Abbas stakes Palestinian claim to state at UN

Palestinian President Mahmoud Abbas has asked the United Nations to recognise a state for his people.

This content was published on September 23, 2011 - 21:45 and agencies

But Israeli Prime Minister Benjamin Netanyahu said UN resolutions could not deliver peace.

On Friday Abbas handed UN Secretary-General Ban Ki-moon a letter requesting full UN membership, which the Security Council must consider, although this may take some time.

"I do not believe that anyone with a shred of conscience can reject our application for a full membership in the United Nations and our admission as an independent state," Abbas told the UN General Assembly, which gave him a standing ovation.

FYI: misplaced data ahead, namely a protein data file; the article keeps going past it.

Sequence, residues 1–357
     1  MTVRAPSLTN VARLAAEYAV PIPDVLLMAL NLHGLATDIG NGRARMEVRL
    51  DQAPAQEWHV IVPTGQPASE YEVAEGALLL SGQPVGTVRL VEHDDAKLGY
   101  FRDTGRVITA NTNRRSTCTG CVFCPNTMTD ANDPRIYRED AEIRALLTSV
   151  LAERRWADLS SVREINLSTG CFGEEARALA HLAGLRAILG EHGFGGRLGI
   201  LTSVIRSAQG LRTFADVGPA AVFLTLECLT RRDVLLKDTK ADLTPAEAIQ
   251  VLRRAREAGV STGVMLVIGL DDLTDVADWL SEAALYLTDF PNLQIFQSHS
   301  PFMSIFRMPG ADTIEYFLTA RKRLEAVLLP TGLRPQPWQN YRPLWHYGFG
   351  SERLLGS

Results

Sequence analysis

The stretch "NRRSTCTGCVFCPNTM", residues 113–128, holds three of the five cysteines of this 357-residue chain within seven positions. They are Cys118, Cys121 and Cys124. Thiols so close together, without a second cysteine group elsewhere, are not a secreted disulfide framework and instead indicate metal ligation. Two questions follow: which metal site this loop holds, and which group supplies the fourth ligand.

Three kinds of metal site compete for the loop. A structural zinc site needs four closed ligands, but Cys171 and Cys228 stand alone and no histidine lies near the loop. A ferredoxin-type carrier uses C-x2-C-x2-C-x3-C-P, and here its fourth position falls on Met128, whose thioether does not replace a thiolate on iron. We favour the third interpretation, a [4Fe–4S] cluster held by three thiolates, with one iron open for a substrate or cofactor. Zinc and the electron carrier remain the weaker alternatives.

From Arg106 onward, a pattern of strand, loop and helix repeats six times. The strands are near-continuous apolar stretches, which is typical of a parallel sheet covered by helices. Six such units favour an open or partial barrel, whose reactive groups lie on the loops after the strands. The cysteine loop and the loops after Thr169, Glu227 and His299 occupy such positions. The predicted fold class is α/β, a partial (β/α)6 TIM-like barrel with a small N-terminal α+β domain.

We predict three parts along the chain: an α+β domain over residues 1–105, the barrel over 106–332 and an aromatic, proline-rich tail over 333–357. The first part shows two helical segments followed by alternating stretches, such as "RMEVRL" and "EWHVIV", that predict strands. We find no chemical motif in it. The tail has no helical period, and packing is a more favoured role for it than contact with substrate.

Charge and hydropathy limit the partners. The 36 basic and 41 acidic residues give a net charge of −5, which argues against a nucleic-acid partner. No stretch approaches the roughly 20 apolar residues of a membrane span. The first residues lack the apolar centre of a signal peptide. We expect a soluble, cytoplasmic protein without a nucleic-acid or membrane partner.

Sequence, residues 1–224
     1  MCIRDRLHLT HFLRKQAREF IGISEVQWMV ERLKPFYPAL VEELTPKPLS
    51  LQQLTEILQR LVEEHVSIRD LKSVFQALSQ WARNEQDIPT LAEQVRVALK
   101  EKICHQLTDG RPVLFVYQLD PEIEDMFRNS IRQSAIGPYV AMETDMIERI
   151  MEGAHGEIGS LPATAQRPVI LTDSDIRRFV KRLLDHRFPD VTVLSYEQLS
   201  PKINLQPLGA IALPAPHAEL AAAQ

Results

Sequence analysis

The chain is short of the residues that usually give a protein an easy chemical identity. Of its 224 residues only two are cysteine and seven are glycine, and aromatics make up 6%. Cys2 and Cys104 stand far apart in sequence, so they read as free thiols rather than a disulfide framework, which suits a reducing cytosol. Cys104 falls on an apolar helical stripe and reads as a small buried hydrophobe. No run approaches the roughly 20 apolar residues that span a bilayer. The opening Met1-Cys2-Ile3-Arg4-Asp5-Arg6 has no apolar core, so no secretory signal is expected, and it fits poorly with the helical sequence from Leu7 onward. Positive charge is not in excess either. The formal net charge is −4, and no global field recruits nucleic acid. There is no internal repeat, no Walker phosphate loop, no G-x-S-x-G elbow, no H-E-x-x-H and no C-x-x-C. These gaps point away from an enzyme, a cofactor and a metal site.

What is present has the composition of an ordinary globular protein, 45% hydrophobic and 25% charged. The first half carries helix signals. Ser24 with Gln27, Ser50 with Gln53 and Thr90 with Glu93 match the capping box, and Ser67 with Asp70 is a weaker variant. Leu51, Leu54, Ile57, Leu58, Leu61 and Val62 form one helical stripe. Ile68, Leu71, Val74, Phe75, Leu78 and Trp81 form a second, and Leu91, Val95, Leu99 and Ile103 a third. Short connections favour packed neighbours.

"We extend our hands to the Israeli government and the Israeli people for peacemaking," the Palestinian leader said in New York.

Soon afterwards, Netanyahu followed him to the podium to argue that only direct negotiations can bring peace, a stance backed by US President Barack Obama earlier this week.

"I extend my hand to the Palestinian people," Netanyahu told the 193-nation assembly. "The truth is that Israel wants peace, the truth is that I want peace." However, he added, "we cannot achieve peace through UN resolutions".

Netanyahu also demanded that the Palestinians recognise Israel as a Jewish state, something they reject because they say that would prejudice the rights of Palestinian refugees.

Abbas's statehood request reflects a loss of faith after 20 years of failed peace talks sponsored by the United States, Israel's main ally, and alarm at relentless Israeli settlement expansion eating into the land Palestinians want for a state.

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